American Banker | Friday, August 1, 2014

The acquisition of First Tuskegee Bank in Alabama by CDFI bank Liberty Bank & Trust Co. of New Orleans should have been routine. The deal would combine two small minority-owned institutions in the Southeast, giving them additional heft to cope with new regulations. It would also help Liberty expand its originations of consumer, mortgage and commercial loans while adding more low-cost deposits. But federal and state regulators still have not approved the application they received nearly a year ago, marking an unusually long delay for an acquisition of this size. The companies have remained tight-lipped on the status of the deal, but they have not withdrawn the agreement. Kenneth Pickering, an attorney advising Liberty Bank on the acquisition, said the deal is still on and is awaiting regulatory approval.

Atmore News | Friday, August 1, 2014

United Bank of Atmore, Ark. has announced a pledge of $17,000 to help the Atmore YMCA alleviate recent shortfalls that threatened to close the organization. United Bank’s commitment of $1,000 per month through December 2015 will allow the YMCA to continue providing recreational services to children, families and senior citizens. In addition to its financial commitment, the bank is helping the YMCA draft a grant application from the Alabama Historical Commission for capital enhancements. “Our commitment today will meet an immediate need, but it’s also reflective of United Bank’s commitment to help the YMCA find a long-term solution to its funding issues,” said Robert Jones, President and CEO of United Bank. 

Urban Partnership Bank | Thursday, July 31, 2014

Urban Partnership Bank has extended $38.7 million of credit to commercial borrowers so far in 2014. The bank's newsletter highlights several of the loans, including $1.1 million in financing for investment rentals in the Park Boulevard development, a new mixed-income community located in Chicago's South Side. The project is a regeneration of the area that was once the site of the Chicago Housing Authority's heavily distressed Stateway Gardens highrise public housing project. The Park Boulevard development will create much-needed affordable student housing for the nearby Illinois Institute of Technology. It will contain over 400 units and feature new shops including a Starbucks and a Jimmy John's sandwich shop.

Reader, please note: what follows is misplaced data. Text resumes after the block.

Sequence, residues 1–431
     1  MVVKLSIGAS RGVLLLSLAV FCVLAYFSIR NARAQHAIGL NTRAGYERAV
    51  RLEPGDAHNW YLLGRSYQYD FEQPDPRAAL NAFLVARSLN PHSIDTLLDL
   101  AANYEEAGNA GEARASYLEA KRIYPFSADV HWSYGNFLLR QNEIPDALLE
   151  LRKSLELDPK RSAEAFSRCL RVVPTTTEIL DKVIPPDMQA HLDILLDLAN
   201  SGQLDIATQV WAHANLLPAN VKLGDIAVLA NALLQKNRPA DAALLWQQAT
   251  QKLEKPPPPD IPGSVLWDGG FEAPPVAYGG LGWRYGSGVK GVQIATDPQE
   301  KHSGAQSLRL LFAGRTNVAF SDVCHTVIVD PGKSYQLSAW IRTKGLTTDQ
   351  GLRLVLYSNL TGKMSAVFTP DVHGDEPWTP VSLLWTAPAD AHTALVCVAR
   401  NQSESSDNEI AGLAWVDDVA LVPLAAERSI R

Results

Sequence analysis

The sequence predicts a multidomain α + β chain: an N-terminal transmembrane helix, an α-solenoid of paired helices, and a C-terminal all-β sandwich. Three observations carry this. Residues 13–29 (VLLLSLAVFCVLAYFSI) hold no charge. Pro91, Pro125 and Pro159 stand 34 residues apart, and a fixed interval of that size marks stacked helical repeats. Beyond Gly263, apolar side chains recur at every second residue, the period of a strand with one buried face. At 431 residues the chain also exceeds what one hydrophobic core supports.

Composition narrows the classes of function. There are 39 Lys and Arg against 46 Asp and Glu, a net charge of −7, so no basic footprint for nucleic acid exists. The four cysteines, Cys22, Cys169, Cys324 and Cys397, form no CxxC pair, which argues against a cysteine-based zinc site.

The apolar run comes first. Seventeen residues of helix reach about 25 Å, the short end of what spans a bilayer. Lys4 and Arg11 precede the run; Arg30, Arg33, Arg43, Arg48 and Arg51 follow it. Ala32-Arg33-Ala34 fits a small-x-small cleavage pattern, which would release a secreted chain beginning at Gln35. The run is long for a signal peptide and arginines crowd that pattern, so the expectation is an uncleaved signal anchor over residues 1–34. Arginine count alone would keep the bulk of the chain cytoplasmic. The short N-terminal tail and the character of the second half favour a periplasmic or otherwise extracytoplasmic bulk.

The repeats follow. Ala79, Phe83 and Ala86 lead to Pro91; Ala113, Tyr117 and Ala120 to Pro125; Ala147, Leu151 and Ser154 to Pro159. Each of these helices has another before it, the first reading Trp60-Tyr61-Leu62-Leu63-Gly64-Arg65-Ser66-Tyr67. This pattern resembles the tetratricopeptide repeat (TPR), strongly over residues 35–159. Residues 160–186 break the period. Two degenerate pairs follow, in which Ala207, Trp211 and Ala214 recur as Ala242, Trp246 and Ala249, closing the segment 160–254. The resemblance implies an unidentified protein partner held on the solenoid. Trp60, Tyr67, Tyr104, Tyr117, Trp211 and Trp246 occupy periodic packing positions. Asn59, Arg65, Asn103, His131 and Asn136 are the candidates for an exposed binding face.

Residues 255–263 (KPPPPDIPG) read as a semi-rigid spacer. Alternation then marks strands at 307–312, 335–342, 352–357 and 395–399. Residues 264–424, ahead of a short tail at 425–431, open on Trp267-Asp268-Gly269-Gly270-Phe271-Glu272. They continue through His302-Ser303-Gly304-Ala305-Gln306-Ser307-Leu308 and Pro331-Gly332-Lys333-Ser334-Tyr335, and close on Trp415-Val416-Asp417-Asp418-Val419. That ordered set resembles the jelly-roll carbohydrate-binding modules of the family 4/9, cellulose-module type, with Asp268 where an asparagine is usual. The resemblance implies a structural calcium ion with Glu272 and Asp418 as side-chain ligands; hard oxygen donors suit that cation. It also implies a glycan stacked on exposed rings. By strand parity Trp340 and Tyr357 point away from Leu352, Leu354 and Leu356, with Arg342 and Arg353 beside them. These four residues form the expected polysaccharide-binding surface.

Independent Banker | Wednesday, July 30, 2014

Sunrise Banks of Minneapolis-St. Paul is exploring new ways of providing credit and financial services to the unbanked and underbanked through technology, says CEO David Reiling. The bank now offers microloans offered through employers as an employee benefit. The program is backed by software that quickly accepts an application for a microloan and provides an immediate decision, depositing funds in an employee’s bank account the next day or making them available on a prepaid card. “If you are really going to be in this business, you need to leverage technology in order to keep the cost as well as the compliance in-check,” Reiling says.

The Grio | Wednesday, July 30, 2014

In a recent interview, OneUnited Bank President Teri Williams discussed her career path, her new children's book, and OneUnited's efforts to foster financial comebacks for customers with damaged credit. Williams' new book, "I Got Bank," is a child-friendly guide to financial concepts. For Williams, who once aspired to be a teacher before entering finance, the book builds upon a long-held interest in education and helping disadvantaged communities. Education is also at the heart of the bank's Unity Visa card, which provides financial literacy training alongside safe credit. "[I wanted] to take this financial services experience that I had and figure out ways to give back." Williams said.